The Ravens’ defense was clearly determined to shut down Nick Chubb, who burned them in the earlier game for a season-high 165 yards and three touchdowns. The running back never got untracked and was held to a season-low 45 yards.

All that’s left now is the season-ender down in Cincinnati next Sunday against the one-victory Bengals. The dagger on the 2019 season that was plunged even deeper by the Ravens still has a little room left near the hilt.

Even if that dagger does not move in Cincinnati, 7-9 is not the record a vast majority of Browns Nation expected at this juncture of the schedule. But if it does move, a distasteful 6-10 could just about ensure a punched ticket out of town for a certain head coach.

Saturday, December 21, 2019

Get ready for some ugly

Oddsmakers, those purveyors of sports betting wisdom, say the Baltimore Ravens are 10 points better than the Browns Sunday afternoon.

Yes they did. The winners of 10 straight National Football League games are a mere 10 points better than a team rife with problems and closing out the 2019 season with more questions than when they started.

Maybe the odds boys know something we mortals do not because the 10 points seem a wee bit on the low side, even in Cleveland.

Never mind the Browns humiliated the AFC North champions on their home turf way back in week four to forge a tie with the Ravens for first place. That’s ancient history.

And never mind the Browns easily qualify as the most disappointing team in the NFL this season by a significant margin.

The Ravens have clinched just about everything but home field advantage throughout the playoffs. That is their goal Sunday as they help the Browns wrap up the home part of their schedule.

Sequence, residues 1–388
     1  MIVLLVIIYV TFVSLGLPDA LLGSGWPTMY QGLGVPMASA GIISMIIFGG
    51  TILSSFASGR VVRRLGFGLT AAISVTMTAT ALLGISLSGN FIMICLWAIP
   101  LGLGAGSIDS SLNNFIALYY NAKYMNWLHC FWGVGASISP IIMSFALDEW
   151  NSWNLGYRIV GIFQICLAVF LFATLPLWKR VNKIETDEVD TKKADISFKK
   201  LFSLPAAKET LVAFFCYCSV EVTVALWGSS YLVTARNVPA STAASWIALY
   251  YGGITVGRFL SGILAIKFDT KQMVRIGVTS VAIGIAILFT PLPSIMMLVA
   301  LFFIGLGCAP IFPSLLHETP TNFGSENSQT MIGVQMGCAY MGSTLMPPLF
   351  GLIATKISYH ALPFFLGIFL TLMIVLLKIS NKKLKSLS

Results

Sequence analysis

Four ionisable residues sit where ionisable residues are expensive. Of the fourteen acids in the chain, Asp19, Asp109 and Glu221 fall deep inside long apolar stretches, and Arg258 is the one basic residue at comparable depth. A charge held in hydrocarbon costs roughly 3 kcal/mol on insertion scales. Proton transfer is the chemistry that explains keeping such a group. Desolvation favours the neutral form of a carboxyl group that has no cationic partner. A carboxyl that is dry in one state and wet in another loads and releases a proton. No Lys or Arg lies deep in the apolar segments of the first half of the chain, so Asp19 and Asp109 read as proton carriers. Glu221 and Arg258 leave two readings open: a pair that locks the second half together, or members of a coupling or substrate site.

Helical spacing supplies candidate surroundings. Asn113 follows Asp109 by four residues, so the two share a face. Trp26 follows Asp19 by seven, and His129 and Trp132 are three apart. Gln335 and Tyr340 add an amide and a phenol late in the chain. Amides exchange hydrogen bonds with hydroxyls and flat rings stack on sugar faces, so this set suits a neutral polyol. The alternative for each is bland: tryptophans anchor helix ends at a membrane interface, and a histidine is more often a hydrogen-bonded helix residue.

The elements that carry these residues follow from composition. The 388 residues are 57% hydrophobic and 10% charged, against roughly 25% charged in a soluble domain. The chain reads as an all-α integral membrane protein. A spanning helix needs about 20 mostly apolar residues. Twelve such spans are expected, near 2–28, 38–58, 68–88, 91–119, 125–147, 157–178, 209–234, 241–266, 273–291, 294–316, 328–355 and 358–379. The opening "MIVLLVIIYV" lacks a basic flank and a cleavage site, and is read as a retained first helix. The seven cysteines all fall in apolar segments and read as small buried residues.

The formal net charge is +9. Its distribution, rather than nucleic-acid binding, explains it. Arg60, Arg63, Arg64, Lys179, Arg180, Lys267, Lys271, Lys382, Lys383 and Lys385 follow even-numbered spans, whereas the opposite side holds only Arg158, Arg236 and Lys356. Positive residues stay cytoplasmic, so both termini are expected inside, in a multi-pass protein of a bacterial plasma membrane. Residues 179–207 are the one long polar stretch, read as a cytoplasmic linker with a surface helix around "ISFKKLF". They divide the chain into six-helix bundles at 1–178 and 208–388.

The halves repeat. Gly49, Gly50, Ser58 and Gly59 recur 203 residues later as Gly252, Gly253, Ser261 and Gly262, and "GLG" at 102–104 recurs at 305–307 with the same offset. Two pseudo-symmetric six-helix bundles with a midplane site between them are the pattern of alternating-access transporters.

Oh. . .  and one more goal. The Ravens have not forgotten that late September Sunday back home when the Browns administered a 40-25 beatdown in front of the stunned hometown folks.

That’s the afternoon Baker Mayfield threw for 342 yards and a touchdown, Nick Chubb ran for 165 yards – remember that 88-yard burst for one of this three touchdowns? – and Jarvis Landry caught eight passes for 167 yards.

With three minutes left in regulation, the Browns owned a 40-18 lead, exploding for 30 second-half points. It was a victory that, in retrospect, made absolutely no sense.

No one can adequately explain why the Browns were so much better that day than any other throughout the season. It, again retrospectively, was very much an aberration.

Spoiler alert! That’s not going to happen again Sunday on the lakefront. They are teams clearly heading in opposite directions.

The Ravens are playing the best football in the entire league behind the wizardry of Lamar Jackson, who has emerged as unquestionably the best quarterback of the 2018 draft class.

The Browns, meanwhile, are plunging in a southerly direction in the AFC North.  The only reason they don’t occupy the basement for the umpteenth time in the last 20 years resides in Cincinnati with the hapless Bengals.

After what happened in the desert a week ago, Freddie Kitchens desperately needs a victory against the Ravens to save his job. Anything less – and that includes a decent showing in defeat – pretty much would signal a departure for the rookie head coach.

The likelihood of that eventuating ranks somewhere between “are you ready for a miracle?” and “are you kidding me?”, the wisdom of the oddsmakers notwithstanding.

No, the best shot Kitchens had at wearing the top whistle next season evaporated against one of the weakest teams in the NFL last Sunday in the desert in what qualifies as the biggest surprising loss of the season.

As the losses pile up for this franchise, the anger and disappointment in the Ivory Tower in Berea have risen. This is not even close to what they envisioned this season.

The shocking lack of progress and improvement have become stultifying to the followers of this talented football team. One has to wonder whether Kitchens has lost this team.

What happens Sunday is almost certain to add another demerit to his head-coaching portfolio. This team has not played competitive football as a team for more than a month.

More and more, at least through this lens, they seem to be playing more for themselves than their coach. Sure they were 4-1 in one stretch, but the soft schedule had a lot to do with that.

Injuries and a key suspension to a star performer have hurt, especially on defense. But other teams have similar problems and somehow survive.